Columbus looks to strengthen its neighborhood violence prevention program
COLUMBUS, Ohio (WCMH) — A community-based program aimed at keeping kids out of trouble is in line to get a nearly $1 million boost.
Columbus City Council is taking two proposals to give $492,500 apiece to two groups that combat neighborhood violence, the Columbus Urban League and the Community for New Direction.
Columbus’ program works to prevent and intervene in gang-related violence, work toward peace agreements and connect kids with education on jobs. In 2023, the neighborhood violence prevention program intervened in nearly 40 situations that were escalating toward violence, and it helped get jobs, counseling and mentorship for 140 children.
“City council and the administration, the mayor’s office, they understand that we have to keep our neighborhoods safe,” Stephanie Hightower, president and CEO of the Columbus Urban League, said. “They want to make sure that there is no interruption of services that for us to continue to provide to our community to keep them safe.”
Both partnerships are intended to provide violence interruption and crisis response activities that include the following:
— Responding to specific violent confrontations
— Working to mediate and diffuse conflict tensions
— Actively promoting peace-building among youth
The two contractors will maintain a 24-hour, seven-day-a-week schedule to respond to calls regarding violent confrontations.
Hightower said that the nonprofits and the city are not only concerned with violence prevention but are focused on more.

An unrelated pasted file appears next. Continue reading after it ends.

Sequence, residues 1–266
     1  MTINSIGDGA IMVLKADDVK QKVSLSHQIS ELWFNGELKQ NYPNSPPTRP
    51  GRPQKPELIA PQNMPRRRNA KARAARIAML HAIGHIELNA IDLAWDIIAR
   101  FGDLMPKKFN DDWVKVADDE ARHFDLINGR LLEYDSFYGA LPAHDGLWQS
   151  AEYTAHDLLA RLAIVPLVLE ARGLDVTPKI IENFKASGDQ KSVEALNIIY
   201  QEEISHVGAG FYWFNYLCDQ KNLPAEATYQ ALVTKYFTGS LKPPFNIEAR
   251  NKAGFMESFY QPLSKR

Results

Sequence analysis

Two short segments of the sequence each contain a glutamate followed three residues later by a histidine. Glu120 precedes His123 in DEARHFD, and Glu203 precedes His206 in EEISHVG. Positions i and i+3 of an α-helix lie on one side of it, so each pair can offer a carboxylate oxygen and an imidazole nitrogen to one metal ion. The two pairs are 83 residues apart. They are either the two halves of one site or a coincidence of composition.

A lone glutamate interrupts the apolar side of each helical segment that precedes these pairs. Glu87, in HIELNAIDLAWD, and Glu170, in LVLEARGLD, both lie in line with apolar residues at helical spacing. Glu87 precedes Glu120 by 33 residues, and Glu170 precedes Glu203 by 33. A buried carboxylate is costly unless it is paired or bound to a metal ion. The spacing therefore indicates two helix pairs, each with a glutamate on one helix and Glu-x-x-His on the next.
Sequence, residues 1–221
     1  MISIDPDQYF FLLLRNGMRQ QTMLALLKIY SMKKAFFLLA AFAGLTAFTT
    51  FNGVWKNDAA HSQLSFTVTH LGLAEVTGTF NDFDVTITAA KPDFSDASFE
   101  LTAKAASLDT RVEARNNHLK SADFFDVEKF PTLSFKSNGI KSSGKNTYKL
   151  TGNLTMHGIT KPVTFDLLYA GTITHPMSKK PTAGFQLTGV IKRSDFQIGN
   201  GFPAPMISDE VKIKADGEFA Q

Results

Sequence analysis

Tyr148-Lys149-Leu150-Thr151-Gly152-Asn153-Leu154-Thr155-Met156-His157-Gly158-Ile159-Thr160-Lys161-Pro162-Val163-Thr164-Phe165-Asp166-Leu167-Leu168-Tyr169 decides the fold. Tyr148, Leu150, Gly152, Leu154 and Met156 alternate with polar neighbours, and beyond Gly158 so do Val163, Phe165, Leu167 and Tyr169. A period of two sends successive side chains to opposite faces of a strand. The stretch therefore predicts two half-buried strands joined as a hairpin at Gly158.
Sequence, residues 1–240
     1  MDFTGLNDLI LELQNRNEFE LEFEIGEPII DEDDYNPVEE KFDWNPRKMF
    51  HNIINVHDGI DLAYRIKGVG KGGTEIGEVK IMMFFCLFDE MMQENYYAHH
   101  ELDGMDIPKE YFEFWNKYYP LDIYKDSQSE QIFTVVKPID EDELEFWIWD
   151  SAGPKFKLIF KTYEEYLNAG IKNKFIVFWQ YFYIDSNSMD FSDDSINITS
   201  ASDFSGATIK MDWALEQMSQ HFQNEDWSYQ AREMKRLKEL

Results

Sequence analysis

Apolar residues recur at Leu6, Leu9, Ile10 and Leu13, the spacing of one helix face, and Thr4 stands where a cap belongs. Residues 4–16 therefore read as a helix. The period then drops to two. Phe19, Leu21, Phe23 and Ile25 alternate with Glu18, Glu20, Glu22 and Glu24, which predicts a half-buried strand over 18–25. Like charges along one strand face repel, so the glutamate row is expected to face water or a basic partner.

“It’s more than just violence prevention,” Hightower said. “Some of the success indicators are, we help young people get jobs, we go in and we do services for their families. To make sure that their housing is stable, we are partnering with Columbus City Schools so that there are interventions that are going on [there].”
Dominique Shank from the city’s recreation and parks department, explained the reasoning behind the city’s potential partnerships.
“We want to see a decrease in violence amongst our youth,” Shank said. “It is important that through these collaborative approaches through trauma-informed, focused services that are provided in community-based settings, to be able to provide support, healing and restoration not only for them but for their families.”
The two ordinances were on first reading at Monday’s meeting. The next step will be a vote on Jan. 22.
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